Retiring fire chief recalls 37 years of adventure

At 56 Rene Lopez Jr. has been hanging around Mission’s Fire Department since he was eight years old.

 

“I was like the department mascot because my father used to bring me with him to work.  In fact, I’ve been here for every hurricane since Hurricane Beulah,” Lopez said during an interview Tuesday, referring to the category five storm that hit the Rio Grande Valley in 1967.

20161117 Fire Chief Retirement

Since then Lopez has seen his share of disasters. Besides hurricanes, among some of the most memorable was the 1980 fire that destroyed a downtown hardware store at Tom Landry Boulevard and Conway Avenue.

 

“That was my first structure fire as a volunteer fireman,” he said Tuesday in his office at the department’s Central Fire Station at 415 Tom Landry Boulevard, not far from where the fire occurred.  Lopez said that fire was memorable because the store’s owner narrowly escaped disaster when he attempted to unlock the front door for firefighters.

 

“And a firefighter saw what he was doing and pulled him away from the door. But he’d just turned the key and the door opened and just like the movie Backdraft the flames came flying out the door. And I watched all the windows across the front of the building explode.”

 

Fortunately no one was seriously injured.

 

Then there was the 1989 crash of a Mission CISD school bus that killed 21 students after it was hit by a soft drink delivery truck knocking the bus into a flooded caliche excavation pit near 5 Mile Road and Bryan Road.

 

“On that one I was left alone to man the station and the radios because it seemed everyone in the county responded,” he said.

 

But today, after all those years, and so many experiences, Lopez will leave the station not for the last time – because he intends to remain a volunteer firefighter – but for the last time as the department’s chief. Rene Lopez Jr. is now officially retired from the position he has held since March 2015 when he replaced outgoing chief Ricardo Saldaña who became Hidalgo County’s Emergency Management Coordinator. Lopez served as deputy chief for 17 years before being appointed to head the staff of 66, overseeing five fire stations, 20 emergency vehicles and a $6.1 million budget.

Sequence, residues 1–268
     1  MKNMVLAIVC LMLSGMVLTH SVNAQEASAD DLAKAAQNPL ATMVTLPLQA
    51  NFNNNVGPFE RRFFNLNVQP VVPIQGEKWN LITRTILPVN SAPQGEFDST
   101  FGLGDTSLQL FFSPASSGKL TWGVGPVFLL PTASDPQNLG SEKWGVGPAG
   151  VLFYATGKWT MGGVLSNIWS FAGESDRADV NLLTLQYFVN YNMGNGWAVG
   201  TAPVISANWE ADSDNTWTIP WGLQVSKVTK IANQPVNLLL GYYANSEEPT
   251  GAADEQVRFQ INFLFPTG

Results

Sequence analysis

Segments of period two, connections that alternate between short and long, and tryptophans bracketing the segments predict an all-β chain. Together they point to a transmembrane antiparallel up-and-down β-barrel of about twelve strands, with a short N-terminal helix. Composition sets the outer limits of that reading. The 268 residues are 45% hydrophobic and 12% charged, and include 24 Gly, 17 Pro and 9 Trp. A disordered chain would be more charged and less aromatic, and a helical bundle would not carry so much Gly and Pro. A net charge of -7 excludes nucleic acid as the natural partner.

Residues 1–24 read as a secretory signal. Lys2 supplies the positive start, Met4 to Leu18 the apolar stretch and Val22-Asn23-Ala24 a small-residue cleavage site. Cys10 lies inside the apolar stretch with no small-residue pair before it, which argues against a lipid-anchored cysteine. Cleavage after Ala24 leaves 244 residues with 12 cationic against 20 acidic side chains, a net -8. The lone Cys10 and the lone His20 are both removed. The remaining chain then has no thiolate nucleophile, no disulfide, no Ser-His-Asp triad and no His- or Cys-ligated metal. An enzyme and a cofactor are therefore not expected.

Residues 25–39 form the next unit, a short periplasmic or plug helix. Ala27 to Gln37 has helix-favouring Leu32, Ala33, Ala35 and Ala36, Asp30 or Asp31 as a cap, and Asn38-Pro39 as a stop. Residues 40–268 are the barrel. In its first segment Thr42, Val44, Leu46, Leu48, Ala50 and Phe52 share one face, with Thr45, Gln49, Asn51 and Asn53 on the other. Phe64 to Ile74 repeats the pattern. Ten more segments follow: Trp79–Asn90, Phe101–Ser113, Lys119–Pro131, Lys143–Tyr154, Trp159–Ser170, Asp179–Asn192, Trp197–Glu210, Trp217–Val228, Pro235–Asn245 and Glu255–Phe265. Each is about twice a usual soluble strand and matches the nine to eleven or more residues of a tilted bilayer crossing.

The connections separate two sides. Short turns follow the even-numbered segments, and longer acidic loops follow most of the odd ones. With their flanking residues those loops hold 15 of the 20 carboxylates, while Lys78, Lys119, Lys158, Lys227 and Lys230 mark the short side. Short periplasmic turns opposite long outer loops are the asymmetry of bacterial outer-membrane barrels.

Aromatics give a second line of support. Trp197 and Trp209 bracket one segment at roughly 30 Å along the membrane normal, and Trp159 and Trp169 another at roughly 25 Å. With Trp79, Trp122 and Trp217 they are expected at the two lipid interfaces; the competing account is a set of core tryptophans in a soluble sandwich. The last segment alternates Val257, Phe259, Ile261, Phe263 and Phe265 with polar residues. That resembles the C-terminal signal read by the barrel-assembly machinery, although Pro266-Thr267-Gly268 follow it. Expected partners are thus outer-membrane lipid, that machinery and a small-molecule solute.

Dec. 21 would have been his 35 year anniversary with the department, 37 years if one includes the two years he volunteered on a part-time basis earning a small fuel stipend for each call out.  It was 1979 when Lopez began as a volunteer while attending the University of Texas Pan American campus where he was studying to become a biologist.

 

“That’s my dark secret. I wanted to become a scientist,” Lopez said.

 

Lopez credits his father for getting him involved with the department. Rene Lopez Sr. was a volunteer with the department for 32 years until his death in 1995. He served two years as the department’s chief, back before firefighting in Mission became a full time job, Lopez said.

 

Reflecting back recently on his life as a young man the junior Lopez had no intention of becoming a full-time firefighter.

 

“Of course back then we had a lot more fire calls because there was no Alton Fire or Palmview, Peñitas or La Joya. There was just the Mission Fire Department that covered all the area. So we were gone most of the day fighting fires, doing  rescues – all kinds of searches. So there was a lot to do. It was an adventure everyday without having to join the military. It was very, very exciting.”

 

Lopez dropped out of the university in his sophomore year, a decision that he sometimes second-guessed until one day in the mid-1980s when he was the first responder to a downtown area home fire.